After nearly two years of waiting, special counsel Robert Mueller’s report into Russia’s attack on the 2016 presidential election is finally done. And there’s growing bipartisan pressure on Attorney General William Barr to make it public.
Barr, who received Mueller’s findings on Friday evening, told congressional leaders in a letter that he was “reviewing the report and anticipate that I may be in a position to advise you of the Special Counsel’s principal conclusions as soon as this weekend.”
But a Justice Department official said Saturday afternoon that the information Barr is to provide Congress is “not coming today.”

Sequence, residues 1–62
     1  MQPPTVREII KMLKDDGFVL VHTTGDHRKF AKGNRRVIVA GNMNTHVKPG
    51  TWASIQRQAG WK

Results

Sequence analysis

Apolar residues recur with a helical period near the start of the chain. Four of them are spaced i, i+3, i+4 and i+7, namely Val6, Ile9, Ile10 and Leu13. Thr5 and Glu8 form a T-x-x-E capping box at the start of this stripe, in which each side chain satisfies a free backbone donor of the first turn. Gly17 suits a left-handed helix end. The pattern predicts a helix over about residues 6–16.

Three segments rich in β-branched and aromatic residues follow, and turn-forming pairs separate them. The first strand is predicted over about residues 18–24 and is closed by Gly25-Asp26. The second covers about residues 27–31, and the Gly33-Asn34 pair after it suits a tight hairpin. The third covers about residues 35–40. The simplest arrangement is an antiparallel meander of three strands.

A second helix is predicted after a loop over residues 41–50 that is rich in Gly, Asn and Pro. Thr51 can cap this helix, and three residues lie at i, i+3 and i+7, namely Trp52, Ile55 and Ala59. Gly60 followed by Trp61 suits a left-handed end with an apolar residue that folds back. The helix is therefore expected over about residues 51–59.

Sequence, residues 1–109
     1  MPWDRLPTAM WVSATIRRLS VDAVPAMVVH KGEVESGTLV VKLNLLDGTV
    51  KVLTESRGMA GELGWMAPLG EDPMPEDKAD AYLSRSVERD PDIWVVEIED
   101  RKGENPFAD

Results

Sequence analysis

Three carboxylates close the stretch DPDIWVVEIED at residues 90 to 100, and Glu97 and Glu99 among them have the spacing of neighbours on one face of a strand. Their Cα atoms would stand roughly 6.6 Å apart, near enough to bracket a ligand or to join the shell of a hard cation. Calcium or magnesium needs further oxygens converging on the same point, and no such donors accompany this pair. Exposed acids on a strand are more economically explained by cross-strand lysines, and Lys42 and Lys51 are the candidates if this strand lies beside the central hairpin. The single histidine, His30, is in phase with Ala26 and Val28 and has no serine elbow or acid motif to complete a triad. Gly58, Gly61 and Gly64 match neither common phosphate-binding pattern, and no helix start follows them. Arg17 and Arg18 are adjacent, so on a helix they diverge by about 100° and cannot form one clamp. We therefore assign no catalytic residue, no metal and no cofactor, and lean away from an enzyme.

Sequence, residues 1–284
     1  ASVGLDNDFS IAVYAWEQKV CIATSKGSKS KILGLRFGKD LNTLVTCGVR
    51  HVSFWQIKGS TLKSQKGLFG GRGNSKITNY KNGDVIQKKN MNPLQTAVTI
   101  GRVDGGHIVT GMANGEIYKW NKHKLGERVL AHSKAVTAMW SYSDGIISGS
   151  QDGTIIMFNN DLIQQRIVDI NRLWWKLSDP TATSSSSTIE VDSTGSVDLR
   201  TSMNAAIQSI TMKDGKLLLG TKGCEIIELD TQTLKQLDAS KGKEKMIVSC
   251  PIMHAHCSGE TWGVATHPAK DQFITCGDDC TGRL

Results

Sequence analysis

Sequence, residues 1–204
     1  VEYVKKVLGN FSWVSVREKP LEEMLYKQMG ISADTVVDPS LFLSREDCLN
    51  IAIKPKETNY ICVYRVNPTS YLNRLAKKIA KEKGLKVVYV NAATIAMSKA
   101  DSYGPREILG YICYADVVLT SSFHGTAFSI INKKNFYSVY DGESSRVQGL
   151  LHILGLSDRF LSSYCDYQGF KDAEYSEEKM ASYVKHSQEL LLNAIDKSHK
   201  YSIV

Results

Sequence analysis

Barr and Deputy Attorney General Rod Rosenstein were at the Justice Department on Saturday, the official said. “They’re analyzing the report, working very closely together,” the official added, to put together their submission to Congress.
In a letter to her Democratic colleagues, House Speaker Nancy Pelosi said Saturday that House Democrats “are insisting that any briefings to any Committees be unclassified so that Members can speak freely about every aspect of the report and not be confined to what DOJ chooses to release publicly.”
A Justice Department official said Friday that Mueller’s report does not recommend any future indictments, although criminal charges against more than 30 individuals and entities, including onetime top aides and associates to President Trump, have already been filed.